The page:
COVID-19 gave the world a shock like no other. In a matter of months, countries closed their borders, enforced lockdowns, and issued stay-at-home orders. With economic consumption dragged down to the bare essentials, the economy was seemingly on the inevitable course of a recession.
As the economic fallout of the virus battered traditional financial instruments, Bitcoin, true to its uncorrelated nature, diverted. While initially buckling to the waves of fellow macro-assets like gold and the S&P500, the cryptocurrency forged its own path after the liquidation infused sell-off on 12 March. Following what was Bitcoin’s biggest single-day drop in over 7 years, its price began to recover.
In less than two months, Bitcoin salvaged the lost value of the sell-off, right before the biggest event in the cryptocurrency calendar. On 11 May, Bitcoin noted its third halving, a change in its block supply effectively decreasing the mining rewards from 12.5 BTC per block to 6.25 BTC per block. This drop in mining incentives did not stop the price rally as Bitcoin broke the $10,000 mark at the beginning of June.
During the period [March 12 to June 1], Bitcoin’s price rose by over 150 percent, while the SPX rose by less than 30 percent – thanks in large part to the Federal Reserve cutting interest rates and the U.S Congress drafting a fiscal stimulus that would put $1,200 in the hands of every citizen. Interestingly, during this period, the number of Covid-19 cases in the US increased from 1,600 to over 1.8 million.
It would seem that both Bitcoin and the U.S stock market rose during the time that America’s domestic cases began skyrocketing. Further, the former did not receive any emergency stimulus and, in fact, saw its supply schedule decrease during this time. Whether this BTC rise was down to FOMO, FUD, the FED, or simply a case of being uncorrelated, it stands in stark contrast to the rise in cases, and to the return on the SPX.
Now, as certain less-hit states in the U.S are opening up for front-facing businesses, a stock market rally is likely in sight. Add to this the recent announcement by the U.S Bureau of Labor Statistics which stated that the US added an estimated 2.5 million jobs in May after April saw unemployment skyrocket to 15 percent.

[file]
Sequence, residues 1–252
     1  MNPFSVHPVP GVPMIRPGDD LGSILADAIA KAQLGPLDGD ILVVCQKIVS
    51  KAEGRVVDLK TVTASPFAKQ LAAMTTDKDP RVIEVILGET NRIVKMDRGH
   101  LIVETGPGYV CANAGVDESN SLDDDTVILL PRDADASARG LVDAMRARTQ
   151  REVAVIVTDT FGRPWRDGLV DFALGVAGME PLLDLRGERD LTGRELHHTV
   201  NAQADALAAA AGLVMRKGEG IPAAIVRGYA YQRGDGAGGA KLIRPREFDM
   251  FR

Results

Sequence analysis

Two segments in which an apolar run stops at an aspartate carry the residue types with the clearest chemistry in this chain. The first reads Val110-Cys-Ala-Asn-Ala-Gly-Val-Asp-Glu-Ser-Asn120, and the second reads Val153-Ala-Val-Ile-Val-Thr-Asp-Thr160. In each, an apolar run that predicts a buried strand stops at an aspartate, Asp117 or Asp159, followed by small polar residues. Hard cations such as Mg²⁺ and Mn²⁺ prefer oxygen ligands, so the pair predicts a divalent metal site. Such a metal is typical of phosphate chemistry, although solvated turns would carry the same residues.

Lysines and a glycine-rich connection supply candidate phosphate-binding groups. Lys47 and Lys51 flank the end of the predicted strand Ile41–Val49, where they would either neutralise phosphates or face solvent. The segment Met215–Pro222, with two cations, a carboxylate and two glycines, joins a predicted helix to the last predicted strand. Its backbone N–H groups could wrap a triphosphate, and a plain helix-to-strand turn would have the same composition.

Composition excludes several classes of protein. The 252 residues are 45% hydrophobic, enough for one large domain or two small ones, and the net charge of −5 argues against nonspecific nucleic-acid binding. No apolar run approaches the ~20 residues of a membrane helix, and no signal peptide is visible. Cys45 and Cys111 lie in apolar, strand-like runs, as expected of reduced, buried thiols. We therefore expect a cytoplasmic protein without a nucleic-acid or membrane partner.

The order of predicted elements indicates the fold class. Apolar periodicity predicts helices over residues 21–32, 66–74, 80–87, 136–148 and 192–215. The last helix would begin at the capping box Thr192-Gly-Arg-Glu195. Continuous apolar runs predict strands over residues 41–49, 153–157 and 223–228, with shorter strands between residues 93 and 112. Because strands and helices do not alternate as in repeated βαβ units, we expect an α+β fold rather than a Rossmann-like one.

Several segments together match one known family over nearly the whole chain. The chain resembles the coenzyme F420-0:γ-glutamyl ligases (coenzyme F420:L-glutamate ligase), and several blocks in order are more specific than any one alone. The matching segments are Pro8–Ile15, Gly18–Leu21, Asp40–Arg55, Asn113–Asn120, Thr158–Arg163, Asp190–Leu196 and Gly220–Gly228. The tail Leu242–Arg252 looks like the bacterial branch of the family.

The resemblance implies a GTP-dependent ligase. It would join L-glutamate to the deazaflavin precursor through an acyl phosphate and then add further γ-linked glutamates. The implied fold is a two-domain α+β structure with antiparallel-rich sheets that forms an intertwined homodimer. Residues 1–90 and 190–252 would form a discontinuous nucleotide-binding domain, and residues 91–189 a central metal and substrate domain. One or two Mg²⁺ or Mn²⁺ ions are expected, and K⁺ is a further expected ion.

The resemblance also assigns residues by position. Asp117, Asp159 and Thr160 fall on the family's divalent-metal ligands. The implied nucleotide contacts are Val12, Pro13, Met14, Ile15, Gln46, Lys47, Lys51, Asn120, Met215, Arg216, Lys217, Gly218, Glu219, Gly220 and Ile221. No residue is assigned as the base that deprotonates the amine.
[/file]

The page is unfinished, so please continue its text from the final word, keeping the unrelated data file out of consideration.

In fact, the co-founder of Quantum Economics, Mati Greenspan, in his daily newsletter to investors, noted a move in the BTC charts when the announcements about May’s jobs increase was made. Although he was unsure about whether the correlation equaled causation, he said,
“Looking at the short term data, we can see that bitcoin did in fact make an upwards move at the time of the news (purple circle), just as the stocks did. However, bitcoin’s move was well within the range and it’s really difficult to tell if there’s any causation happening here from this graph.”
No doubt, as more states begin to open up as the month continues, the stock market will see this as an optimistic sign of recovery, and the excessive dollars in the economy will be fueled into the economy. But, for the cryptocurrency market, could Bitcoin get a boost?
Well, the answer is – its likely. Firstly, Bitcoin clearly outperformed the stock market and gold in the past two months, with a deflationary effect to the Fed’s inflationary injection. Secondly, just this week, Bitcoin tested and broke $10,000, which the market thought was premature, and hence, a dump a few hours later saw the coin drop below to four figures, albeit holding strong over $9,500, at press time. Thirdly, Bitcoin is eyeing the stock market.
According to data from Coinmetrics, the 180-day Spearman correlation between BTC and SPX has been growing since February. In March, the correlation turned positive, and in mid-May, it reached its highest point in over 4 years. Despite the correlation dropping in the past two weeks, an actual financial stimulus like supply chains opening up and consumption increasing will boost the economy and avenues for investing in both stocks and digital assets will surge.